Why Austin is a top contender for Amazon’s HQ2

Dave Manzer, ‎Founder of Manzer Communications in Austin


By DAVE MANZER
‎Founder of Manzer Communications in Austin
Guest Post

Let me just state for the record that I am not an economist nor an economic development professional with a chamber of commerce. Nor am I familiar with the different economic incentive packages (tax breaks and otherwise) that nearly 250 communities across the U.S., Canada, and Mexico have put together to win the Amazon HQ lottery.

I do know that Amazon will consider a wide variety of factors when deciding where it should build its HQ2. In my own view, Austin is on a very short list of cities that Amazon is actively considering, despite the city’s inherent growth challenges like traffic, zoning, and cost of living. Here are some obvious, and some not-so-obvious, reasons why:

Talent pool

There’s no question that Austin has become one of the few cities in America where there’s an abundance of tech talent. I know. I know. There is still a talent shortage for some jobs, and there has been upward pressure on wages because of it according to recent surveys by Dice and Hired. Still, Austin has proven adept at attracting new blood in order to meet the constant demand. Very few communities have the ability to absorb the number of startups and existing technology companies that call Austin home. Plus, with UT here and Texas A&M and Texas State University both within a 90-minute drive, you have no shortage of new graduates ready to enter the workforce.

Existing operations

Amazon caused quite a stir in the media when it purchased Whole Foods. The e-commerce giant has been quietly working to bring Austin’s iconic brand into the fold without any major disruptions. There’s a rumor that Whole Foods is ramping up hiring to beef up its software development team, including many operations the grocery chain used to outsource. Let’s not forget that Amazon also has a major distribution warehouse in San Marcos with plans to fill 1,000 openings. That gives Amazon a major workforce cluster in Central Texas that would make it easier for it to leverage as it looks to grow and integrate human resources across its disparate parts.

Logistics & Cost

Amazon is already in the farthest northwest corner of the lower 48 states. It makes a great deal of sense that it looks to locate somewhere other than the west coast or northeast corridor if only from practical perspectives like logistics and cost of living. Locating somewhere in the south or southeast of the U.S. comes with the advantage of lower cost of living and easy access to a different part of the country. The cost of doing business in California and New England is far greater than the south and central part of the country. What gives Texas an advantage is that it has a business-friendly climate. It’s also one of the few states with no personal income tax, which would allow Amazon to either give its employees a 3-8% raise or lower its salary structure for HQ2. DFW may have an edge on Austin when it comes to logistics owing to its airport being a hub for several airlines. That said, I feel confident that Austin’s bid included a promise to incentivize major airlines to add more direct flights to and from the Austin-Bergstrom airport, which would effectively negate DFW’s advantage.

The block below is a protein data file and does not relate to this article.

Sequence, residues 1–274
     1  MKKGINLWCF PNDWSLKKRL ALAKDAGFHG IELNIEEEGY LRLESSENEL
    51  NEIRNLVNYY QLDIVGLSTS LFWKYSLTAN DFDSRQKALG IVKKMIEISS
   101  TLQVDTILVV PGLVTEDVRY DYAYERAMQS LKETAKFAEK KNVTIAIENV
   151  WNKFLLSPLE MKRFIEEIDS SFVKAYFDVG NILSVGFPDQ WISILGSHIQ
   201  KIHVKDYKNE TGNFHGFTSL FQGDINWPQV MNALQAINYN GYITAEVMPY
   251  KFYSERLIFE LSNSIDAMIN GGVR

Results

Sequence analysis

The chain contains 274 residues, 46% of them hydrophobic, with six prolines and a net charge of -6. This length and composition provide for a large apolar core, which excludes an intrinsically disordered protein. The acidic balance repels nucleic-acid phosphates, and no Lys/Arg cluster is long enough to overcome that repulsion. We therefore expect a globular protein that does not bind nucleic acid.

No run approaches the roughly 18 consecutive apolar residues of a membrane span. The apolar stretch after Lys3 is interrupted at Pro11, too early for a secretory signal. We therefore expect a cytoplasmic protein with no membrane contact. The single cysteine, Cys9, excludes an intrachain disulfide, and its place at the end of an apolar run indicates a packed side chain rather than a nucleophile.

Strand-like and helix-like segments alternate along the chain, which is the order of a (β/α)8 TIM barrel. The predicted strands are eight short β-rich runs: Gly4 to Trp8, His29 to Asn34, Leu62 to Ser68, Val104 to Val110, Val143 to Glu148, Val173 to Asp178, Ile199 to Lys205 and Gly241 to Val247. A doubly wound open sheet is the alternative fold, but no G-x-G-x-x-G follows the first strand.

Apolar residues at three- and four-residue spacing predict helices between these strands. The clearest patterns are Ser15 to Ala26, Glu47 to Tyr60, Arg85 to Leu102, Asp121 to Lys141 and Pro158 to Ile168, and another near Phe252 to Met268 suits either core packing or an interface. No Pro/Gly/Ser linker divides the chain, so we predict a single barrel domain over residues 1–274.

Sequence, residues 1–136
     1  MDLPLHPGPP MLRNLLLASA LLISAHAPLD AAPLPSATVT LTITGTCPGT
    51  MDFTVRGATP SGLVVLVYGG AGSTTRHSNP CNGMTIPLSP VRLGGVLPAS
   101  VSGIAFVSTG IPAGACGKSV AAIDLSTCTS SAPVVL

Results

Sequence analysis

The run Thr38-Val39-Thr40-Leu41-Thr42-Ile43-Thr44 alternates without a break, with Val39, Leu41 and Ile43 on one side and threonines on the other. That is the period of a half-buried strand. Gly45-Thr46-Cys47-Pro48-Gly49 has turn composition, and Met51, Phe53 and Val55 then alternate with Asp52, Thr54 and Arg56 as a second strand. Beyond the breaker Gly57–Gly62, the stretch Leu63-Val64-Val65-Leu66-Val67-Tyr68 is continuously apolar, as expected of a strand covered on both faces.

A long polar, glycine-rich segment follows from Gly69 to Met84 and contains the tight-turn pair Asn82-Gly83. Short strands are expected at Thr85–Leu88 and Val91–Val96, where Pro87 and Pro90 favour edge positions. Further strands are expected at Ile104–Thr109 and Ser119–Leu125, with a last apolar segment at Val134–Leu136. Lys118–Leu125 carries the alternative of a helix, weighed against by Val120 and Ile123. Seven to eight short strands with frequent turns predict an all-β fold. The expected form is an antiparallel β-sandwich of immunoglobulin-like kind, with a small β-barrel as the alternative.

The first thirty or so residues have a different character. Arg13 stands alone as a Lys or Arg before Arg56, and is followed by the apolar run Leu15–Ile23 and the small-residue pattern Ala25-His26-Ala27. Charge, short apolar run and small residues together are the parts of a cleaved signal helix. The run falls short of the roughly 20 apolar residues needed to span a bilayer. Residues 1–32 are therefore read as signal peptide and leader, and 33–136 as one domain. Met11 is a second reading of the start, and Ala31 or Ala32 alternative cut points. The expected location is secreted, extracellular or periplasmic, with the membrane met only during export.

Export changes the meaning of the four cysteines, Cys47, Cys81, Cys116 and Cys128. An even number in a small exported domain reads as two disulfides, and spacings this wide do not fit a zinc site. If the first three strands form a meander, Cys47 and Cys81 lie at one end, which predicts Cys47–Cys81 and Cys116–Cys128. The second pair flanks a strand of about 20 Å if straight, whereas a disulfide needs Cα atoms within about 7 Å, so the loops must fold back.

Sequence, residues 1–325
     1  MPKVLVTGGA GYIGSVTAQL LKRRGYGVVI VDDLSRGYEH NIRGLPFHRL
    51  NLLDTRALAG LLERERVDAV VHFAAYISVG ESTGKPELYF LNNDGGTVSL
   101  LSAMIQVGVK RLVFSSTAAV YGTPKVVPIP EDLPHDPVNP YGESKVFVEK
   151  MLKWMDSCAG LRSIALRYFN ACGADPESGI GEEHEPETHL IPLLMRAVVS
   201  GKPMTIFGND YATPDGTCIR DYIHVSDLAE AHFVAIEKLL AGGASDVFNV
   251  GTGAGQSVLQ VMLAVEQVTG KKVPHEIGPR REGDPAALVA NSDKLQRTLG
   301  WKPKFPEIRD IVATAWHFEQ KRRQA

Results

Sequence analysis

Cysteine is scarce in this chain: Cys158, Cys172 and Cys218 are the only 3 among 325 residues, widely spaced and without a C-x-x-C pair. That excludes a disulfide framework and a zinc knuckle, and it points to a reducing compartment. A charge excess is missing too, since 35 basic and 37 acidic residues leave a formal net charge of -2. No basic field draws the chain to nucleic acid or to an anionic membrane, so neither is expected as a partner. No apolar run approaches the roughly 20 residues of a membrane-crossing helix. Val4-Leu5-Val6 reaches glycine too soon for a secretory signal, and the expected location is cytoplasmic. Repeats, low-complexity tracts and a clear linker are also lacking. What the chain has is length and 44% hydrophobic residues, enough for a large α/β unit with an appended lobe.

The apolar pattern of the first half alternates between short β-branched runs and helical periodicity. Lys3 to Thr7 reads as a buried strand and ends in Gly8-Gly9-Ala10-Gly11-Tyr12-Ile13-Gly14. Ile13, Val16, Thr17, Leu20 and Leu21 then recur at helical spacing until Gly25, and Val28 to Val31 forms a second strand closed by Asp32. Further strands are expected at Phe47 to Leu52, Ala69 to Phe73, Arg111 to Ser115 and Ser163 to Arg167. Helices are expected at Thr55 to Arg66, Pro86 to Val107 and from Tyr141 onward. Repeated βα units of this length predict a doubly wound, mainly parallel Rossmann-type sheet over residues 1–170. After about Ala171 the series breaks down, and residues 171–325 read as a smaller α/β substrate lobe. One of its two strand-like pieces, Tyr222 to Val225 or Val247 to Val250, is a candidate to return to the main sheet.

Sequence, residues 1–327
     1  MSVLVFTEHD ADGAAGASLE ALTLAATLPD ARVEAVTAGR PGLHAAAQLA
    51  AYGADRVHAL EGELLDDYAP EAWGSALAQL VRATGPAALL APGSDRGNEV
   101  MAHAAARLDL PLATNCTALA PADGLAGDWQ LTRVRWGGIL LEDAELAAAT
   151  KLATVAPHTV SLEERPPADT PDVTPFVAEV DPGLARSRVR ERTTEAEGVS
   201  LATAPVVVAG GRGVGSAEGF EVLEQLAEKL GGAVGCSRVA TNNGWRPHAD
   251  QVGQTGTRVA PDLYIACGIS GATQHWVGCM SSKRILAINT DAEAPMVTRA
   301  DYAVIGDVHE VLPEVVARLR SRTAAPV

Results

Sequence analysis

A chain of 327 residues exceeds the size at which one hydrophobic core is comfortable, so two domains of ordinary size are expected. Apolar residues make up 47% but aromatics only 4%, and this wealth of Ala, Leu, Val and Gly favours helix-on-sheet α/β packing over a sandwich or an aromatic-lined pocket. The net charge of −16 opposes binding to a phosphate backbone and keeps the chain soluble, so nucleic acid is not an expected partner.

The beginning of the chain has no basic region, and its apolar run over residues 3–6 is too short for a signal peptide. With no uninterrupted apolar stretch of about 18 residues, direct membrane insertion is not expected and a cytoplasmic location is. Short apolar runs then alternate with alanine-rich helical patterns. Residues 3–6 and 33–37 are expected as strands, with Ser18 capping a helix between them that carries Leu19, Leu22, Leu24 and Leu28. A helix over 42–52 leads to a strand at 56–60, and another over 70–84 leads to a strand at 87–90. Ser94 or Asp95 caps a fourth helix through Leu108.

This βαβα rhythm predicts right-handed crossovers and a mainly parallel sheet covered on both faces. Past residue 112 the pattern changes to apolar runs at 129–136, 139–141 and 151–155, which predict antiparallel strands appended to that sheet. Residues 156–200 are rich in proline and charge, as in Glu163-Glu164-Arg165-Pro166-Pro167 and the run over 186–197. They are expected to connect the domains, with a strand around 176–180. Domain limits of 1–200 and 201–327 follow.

Don’t forget politics

We are living in a highly polarized time in American politics. Right now, Amazon has its roots and global HQ in Seattle, Washington, a location known for progressive ideals and liberal politics. Seattle was one of the first and only cities to vote in a $15 minimum wage to help lower income earners enjoy a livable wage. Setting up shop in Austin would be a very shrewd move for Amazon in that it would instantly become a major employer in a red state with a powerful congressional block. Austin would allow Amazon to keep true to any ‘goodwill’ it has earned relative to being a progressive technology company based in the northwest. At the same time, Amazon can lobby Texas’ powerful Senators and Representatives to defend its business against a wide variety of legislation aimed at curbing Amazon’s influence. A long-term impact of Amazon locating in Austin would be to grow Austin’s power base in Texas, allowing it soften the rough edges Texas politics has developed over the past decade.

So, if you are a Machiavellian business mogul like Jeff Bezos with Libertarian leanings, an affinity for tech-friendly culture and a growing footprint in Central Texas, wouldn’t you put Austin on your shortlist, too?

Dave Manzer is the founder of Manzer Communications and PR Over Coffee in Austin. (Manzer Communications also an advertiser with Silicon Hills News)

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